Hersey 6CM: How To Repair
I am working on a 6″ Hersey 6CM reduced pressure principle assembly. The first check valve failed and I am preparing to make repairs. I am not familiar with this model. Can you give me some suggestions or tips before I get started?
Before we get started, you need to be aware that production for the Hersey 6CM and its hardware components ended in 2004. The rubber repair parts are still readily available. Hardware components like seats, springs, guides, etc. may not be available any longer.
To some people, the Hersey 6CM can be intimidating at first sight. Yes, it may look a little different but it works the same as any other reduced pressure assembly. You should prepare as you would for any other assembly. Be sure to have the correct rubber parts repair kit on hand, as well as, a helper. The internal parts for the 6CM can be a little cumbersome because of their size and weight. One person could repair this unit by himself, but it is much easier with two.
The check valve springs are contained when the lids are removed. Once the check valve lid is removed, you will notice what looks like a solid brass plate with a recess in the middle. This solid brass plate is the spring retainer. In the recess there will be a nut that looks as if it should be removed. DO NOT remove this nut. This nut secures the spring retainer and spring. On either side of the recess on the spring retainer there will be two 3/8” tapped holes. These holes are for eyebolts which you will need to install. A piece of pipe can be put through the eyebolts to make a handle to use for pulling the check valve straight out of the body.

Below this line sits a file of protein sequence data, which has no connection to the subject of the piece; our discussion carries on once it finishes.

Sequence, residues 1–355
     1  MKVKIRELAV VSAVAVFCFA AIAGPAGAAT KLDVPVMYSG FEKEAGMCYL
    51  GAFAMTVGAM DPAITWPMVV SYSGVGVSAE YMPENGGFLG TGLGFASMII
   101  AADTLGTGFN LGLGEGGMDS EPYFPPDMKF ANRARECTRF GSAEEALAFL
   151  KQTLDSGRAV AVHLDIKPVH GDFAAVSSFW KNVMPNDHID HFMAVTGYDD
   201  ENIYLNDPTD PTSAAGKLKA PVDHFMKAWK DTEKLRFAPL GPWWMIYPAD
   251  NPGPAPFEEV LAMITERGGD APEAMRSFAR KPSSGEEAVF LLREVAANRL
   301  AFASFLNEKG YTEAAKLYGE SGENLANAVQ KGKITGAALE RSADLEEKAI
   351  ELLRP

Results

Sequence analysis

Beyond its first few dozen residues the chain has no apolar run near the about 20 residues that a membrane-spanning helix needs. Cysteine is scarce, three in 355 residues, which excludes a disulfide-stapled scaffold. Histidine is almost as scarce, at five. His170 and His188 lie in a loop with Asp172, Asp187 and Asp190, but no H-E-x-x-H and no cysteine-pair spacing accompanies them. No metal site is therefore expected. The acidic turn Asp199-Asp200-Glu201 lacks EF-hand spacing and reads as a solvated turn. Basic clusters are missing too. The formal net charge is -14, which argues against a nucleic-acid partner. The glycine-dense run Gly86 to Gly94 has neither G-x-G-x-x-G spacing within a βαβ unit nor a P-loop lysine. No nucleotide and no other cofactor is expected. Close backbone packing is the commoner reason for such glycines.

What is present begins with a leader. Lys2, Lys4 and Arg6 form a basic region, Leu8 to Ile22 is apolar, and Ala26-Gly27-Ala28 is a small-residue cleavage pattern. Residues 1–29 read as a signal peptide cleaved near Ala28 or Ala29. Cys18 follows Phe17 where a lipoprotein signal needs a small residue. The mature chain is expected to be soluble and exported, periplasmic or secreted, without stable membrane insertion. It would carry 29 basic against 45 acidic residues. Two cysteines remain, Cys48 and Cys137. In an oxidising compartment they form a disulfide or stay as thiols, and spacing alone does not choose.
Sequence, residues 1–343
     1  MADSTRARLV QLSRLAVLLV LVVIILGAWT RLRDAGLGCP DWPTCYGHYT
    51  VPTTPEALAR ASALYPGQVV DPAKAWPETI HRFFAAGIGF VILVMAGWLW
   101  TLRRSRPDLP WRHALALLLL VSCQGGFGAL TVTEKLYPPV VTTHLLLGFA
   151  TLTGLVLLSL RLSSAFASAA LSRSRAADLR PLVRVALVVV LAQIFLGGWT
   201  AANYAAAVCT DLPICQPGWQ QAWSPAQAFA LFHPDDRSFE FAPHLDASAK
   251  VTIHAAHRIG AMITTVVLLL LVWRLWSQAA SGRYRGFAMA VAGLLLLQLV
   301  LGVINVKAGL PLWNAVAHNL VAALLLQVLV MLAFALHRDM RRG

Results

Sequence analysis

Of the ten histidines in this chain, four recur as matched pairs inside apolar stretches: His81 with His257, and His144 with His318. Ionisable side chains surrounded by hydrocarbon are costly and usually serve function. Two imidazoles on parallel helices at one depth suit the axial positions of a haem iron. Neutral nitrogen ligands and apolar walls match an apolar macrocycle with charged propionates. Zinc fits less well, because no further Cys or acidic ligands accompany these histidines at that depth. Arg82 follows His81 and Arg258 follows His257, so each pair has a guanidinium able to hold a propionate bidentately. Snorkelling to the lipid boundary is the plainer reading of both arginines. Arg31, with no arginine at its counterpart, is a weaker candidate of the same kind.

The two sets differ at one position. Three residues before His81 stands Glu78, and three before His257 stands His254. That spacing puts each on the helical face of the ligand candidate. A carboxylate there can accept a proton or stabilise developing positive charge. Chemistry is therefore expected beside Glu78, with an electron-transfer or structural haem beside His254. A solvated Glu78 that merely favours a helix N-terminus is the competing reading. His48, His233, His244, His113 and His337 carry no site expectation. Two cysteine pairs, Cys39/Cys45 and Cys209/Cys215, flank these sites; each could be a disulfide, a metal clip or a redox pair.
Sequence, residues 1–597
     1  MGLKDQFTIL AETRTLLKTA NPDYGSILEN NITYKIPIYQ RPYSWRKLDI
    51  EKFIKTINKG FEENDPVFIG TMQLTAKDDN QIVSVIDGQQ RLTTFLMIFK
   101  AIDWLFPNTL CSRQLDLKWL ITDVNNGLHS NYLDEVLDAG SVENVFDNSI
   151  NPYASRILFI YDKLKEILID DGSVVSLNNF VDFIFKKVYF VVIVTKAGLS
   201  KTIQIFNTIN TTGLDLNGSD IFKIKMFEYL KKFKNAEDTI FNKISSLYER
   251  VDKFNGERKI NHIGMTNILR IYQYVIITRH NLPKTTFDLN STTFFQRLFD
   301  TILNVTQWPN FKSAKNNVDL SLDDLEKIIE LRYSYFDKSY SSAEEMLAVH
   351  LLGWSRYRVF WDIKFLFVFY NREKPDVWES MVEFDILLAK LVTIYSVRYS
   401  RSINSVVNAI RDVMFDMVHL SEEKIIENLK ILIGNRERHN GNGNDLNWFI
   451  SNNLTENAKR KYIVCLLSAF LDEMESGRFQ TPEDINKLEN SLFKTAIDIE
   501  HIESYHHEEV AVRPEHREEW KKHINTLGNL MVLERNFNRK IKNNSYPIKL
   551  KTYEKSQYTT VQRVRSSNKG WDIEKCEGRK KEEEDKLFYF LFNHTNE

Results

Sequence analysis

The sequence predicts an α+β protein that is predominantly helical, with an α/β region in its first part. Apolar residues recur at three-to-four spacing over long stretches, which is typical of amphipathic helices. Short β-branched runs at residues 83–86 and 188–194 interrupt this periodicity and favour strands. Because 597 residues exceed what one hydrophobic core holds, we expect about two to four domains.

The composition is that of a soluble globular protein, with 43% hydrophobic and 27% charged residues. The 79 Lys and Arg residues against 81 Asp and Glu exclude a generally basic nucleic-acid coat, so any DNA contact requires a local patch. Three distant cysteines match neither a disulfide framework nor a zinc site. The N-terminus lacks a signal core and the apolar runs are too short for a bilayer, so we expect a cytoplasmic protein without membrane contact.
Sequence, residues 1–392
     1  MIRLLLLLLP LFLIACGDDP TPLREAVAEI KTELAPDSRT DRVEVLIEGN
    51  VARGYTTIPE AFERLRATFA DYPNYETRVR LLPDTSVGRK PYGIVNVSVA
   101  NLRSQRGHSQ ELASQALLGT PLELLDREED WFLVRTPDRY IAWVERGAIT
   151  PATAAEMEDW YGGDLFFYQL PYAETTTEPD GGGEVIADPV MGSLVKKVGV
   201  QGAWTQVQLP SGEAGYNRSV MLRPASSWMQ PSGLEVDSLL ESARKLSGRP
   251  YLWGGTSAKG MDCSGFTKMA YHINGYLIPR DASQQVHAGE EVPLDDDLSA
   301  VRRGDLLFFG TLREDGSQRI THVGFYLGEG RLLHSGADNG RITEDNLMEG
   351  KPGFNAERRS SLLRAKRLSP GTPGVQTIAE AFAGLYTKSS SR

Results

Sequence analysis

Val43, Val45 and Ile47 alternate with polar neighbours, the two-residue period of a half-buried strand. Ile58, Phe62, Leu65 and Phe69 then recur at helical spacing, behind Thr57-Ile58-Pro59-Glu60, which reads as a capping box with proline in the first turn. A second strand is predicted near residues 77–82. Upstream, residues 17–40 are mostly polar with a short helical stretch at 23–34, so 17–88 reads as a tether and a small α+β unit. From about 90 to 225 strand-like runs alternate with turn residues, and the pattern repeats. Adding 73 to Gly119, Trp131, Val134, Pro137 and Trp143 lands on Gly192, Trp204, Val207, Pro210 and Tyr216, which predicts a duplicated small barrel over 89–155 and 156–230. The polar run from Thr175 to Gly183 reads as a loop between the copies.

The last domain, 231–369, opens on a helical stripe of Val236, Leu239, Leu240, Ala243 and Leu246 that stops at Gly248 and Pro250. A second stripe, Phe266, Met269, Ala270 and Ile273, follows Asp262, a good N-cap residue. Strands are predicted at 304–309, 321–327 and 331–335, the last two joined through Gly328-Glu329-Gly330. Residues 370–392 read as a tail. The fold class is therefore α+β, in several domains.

Now that the check valve is out of the body, you can proceed with your repair. The check disc can be changed easily by removing the guide. The check valve guide on the model 6CM also acts as the check disc retainer. The guide is easy to identify by its four guide “arms” or “prongs”. The guide arms actually ride on the inside of the check valve seat. Be sure to inspect the guides for any damage or uneven wear.
Before replacing the check valve back into the body, be sure to inspect the seat carefully. There are two parts of the seat to look at on this model. Obviously you will check the seating surface for nicks or damage, but also inspect the inside surface of the seat for any wear or grooves that can be caused by movement of the CV guides. Minor wear can sometimes be polished out with light sand cloth, but if the grooves are deep, then prepare to replace the seat. The seat requires a special tool for removal and installation.
One more word of caution! Be extra careful when sliding the check valve back into the body, because one slip could permanently damage the seat and/or check valve guides. Please remember to check with your parts supplier for the availability of the seats or any other hardware parts for this assembly.